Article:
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Is it panic time at McLaren?

Pre-season testing for McLaren was bad, but the season-opening race was even worse

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F1 Grand Prix of Bahrain Photo by Mark Thompson/Getty Images

Following three days of pre-season testing last week at Bahrain International Circuit, McLaren looked like they had a lot of work to do to catch up to the rest of the Formula 1 field at the start of the 2023 season.

After the first Grand Prix of the calendar, their situation has not improved.

McLaren endured a disastrous start to the F1 season, with rookie driver Oscar Piastri enduring an electrical issues that ended his first race on the grid after just 17 laps. Teammate Lando Norris did not fare much better. Norris began the Grand Prix in 11th position, and slid all the way back to 20th by lap 11. He ended the day early as well, completing just 55 laps and finishing 17th.

Norris also needed six pit stops — the most of any team — to even get that far in the race.

Now the team is left searching for answers, answers that they could not find during pre-season testing, nor during the event itself.

Piastri’s issues appeared early in the race. He stayed out the longest out of any of the drivers in the field, which moved him up to 12th on the grid, but an electrical issue soon took shape. Attempts to rectify the issue by changing out his steering wheel in the pits, failed, and he was forced to retire.

Team Principal Andrea Stella explained after the race that the attempted reset — via a new steering wheel — did not work because the electrical failure was further down the line. “The electronic damage was further down the line around the steering column,” he outlined. “So, the steering wheel wasn’t the problem. It was a problem with the harness probably. We are investigating. Not fixable in a short time.”

“Obviously not the finish to the weekend that I wanted but there are positives to take, and the car seemed to have better pace in the race,” said Piastri after his F1 debut. “I still learned a lot and I’m glad I’ve now made my debut, and experienced some of the F1 race weekend firsts. I’m now looking forward to having a better weekend in Saudi Arabia.”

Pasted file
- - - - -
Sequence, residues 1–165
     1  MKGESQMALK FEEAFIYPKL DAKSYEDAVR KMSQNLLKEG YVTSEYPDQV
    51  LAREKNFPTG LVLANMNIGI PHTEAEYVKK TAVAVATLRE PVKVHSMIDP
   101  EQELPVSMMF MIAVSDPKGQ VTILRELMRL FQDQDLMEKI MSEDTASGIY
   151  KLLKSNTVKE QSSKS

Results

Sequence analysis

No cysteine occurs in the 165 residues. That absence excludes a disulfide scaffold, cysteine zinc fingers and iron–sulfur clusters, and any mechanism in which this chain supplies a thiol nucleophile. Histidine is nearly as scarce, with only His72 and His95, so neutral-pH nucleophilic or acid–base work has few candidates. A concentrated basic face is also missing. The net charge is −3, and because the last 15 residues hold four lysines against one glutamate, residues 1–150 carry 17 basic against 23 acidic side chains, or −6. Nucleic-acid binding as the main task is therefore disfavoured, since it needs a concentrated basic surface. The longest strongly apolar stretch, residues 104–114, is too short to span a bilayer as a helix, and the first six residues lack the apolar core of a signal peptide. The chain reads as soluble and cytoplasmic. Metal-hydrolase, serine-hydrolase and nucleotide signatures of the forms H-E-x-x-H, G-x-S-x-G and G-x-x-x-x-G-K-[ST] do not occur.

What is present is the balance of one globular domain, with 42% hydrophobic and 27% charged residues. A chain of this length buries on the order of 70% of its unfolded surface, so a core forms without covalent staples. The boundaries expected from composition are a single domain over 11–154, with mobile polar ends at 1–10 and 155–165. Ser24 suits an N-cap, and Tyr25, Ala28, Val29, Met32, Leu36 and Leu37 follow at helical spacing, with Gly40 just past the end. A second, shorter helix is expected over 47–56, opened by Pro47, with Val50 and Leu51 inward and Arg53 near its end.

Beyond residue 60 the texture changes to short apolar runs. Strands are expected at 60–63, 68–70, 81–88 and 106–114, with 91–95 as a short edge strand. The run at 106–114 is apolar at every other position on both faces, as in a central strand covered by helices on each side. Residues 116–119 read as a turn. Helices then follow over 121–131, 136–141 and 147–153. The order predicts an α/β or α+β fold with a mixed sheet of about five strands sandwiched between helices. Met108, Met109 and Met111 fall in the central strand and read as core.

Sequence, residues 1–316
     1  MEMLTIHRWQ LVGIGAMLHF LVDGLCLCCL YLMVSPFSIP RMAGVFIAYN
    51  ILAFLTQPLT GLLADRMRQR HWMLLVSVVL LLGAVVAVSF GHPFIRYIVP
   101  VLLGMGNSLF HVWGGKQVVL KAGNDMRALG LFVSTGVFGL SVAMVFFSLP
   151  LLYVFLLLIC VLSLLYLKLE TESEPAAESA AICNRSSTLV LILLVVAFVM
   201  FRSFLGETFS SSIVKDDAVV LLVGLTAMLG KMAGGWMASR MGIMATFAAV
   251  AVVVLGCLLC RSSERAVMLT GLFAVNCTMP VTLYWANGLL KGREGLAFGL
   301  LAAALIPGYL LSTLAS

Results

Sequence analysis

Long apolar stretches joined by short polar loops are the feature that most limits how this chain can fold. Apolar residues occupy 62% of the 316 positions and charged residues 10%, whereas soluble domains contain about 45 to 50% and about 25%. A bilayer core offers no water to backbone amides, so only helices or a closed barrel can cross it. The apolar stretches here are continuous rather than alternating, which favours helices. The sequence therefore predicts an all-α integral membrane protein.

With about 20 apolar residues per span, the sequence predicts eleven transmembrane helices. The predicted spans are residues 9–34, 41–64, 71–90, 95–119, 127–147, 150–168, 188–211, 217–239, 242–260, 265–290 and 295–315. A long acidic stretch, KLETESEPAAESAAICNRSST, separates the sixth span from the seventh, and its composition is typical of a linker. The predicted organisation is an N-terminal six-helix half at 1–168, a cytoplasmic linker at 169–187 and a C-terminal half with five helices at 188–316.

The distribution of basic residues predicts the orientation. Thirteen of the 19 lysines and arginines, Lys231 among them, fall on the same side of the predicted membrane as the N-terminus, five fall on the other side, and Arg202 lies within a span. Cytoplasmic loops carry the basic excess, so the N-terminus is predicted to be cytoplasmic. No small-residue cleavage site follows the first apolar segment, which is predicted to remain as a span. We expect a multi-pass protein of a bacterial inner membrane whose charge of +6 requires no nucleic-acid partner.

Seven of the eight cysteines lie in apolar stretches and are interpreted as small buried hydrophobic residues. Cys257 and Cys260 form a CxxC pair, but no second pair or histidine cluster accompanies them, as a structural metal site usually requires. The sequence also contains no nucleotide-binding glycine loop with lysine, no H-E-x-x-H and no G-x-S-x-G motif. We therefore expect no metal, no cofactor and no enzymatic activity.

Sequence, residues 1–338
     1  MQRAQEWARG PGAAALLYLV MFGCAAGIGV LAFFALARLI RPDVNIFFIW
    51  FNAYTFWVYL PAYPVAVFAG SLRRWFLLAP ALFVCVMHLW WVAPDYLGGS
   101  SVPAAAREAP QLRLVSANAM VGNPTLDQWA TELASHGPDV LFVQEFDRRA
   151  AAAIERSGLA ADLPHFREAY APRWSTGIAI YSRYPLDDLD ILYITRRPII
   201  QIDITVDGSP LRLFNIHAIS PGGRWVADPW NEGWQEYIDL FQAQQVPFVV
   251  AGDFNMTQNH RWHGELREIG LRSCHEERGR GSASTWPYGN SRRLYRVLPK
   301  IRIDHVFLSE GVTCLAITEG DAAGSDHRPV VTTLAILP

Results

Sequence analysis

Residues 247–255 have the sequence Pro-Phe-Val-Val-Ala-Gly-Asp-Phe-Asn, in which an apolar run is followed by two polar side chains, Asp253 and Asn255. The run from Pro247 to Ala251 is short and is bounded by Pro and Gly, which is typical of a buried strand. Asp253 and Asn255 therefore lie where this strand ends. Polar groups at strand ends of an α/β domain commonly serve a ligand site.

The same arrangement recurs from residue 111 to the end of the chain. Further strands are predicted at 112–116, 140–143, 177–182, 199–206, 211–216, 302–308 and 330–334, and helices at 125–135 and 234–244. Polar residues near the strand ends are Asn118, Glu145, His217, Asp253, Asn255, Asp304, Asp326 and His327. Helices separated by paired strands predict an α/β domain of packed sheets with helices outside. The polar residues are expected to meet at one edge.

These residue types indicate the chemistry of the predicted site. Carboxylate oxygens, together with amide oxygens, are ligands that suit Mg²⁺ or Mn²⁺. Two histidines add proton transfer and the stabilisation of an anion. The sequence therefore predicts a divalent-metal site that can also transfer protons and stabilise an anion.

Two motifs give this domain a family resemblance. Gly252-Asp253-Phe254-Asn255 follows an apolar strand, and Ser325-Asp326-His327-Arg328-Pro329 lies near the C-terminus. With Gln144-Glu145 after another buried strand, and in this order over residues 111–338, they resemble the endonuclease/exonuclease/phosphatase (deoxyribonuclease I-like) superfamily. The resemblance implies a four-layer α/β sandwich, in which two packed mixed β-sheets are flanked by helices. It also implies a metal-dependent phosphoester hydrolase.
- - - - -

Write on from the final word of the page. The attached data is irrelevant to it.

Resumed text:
As for Norris, his problems started early as well, and showed up even earlier than those that plagued his teammate. Norris noted that his MCL60 developed a pressure leak with the engine pneumatics on the opening lap of the race. That required him to pit every ten laps or so, so the system could be refueled.

“A very tough race,” explained Norris after the Grand Prix. “We had a few issues we had to manage, which really took us out of the race but we tried to stay in it for as long as possible, just in case there was a Safety Car or something and we might have had a chance at the end.”

“There was a pneumatic pressure leak on Lando’s car. We discovered this leak relatively soon in the race, shared Stella. “Then we knew that it was possible only to do 10, 11 laps each time before having to refill.”

The reliability issues saw McLaren finish without points in Bahrain, one of three teams to leave Sakhir without points. AlphaTauri and Haas are the other two teams at the bottom of the table, along with McLaren. But while issues for those two teams were expected entering 2023, McLaren — who finished fifth a season ago — were hoping to challenge for the top of the midfield.

Now, however, they’re just hoping to make it to the third stage of qualifying, an issue that the team highlighted following pre-season testing. “I think we will see again that the midfield is very compact,” said Stella after testing. “And this means that if you don’t do a good enough job, even in setting up and maximising what you have, you may struggle to get out of Q1. At the same time, you might be a Q3 contender.”

Now, Stella is putting his hopes into continued developments for the MCL60. “The main limitation that we have at the moment is aerodynamic downforce. Obviously we can improve the rate of development in the car by having better infrastructure, by having more workforce and this is why we are having the investments that are ongoing now at McLaren,” said Stella after the Bahrain Grand Prix. “However, I think that for the level of talent and availability we have at McLaren already, we can recover and we can out-develop other teams because what we see in development right now is a very alive car in terms of development.”

However, those much-needed reinforcements are not arriving overnight.

“There are some areas of the car that seem to be able to generate good downforce, like I’ve said already, they were not ready in time to be part of the launch spec,” added Stella. “But this car will evolve pretty much race-by-race, with some major upgrades that will come, the first one around race four.”

Until then, however, it might be nervous days around McLaren.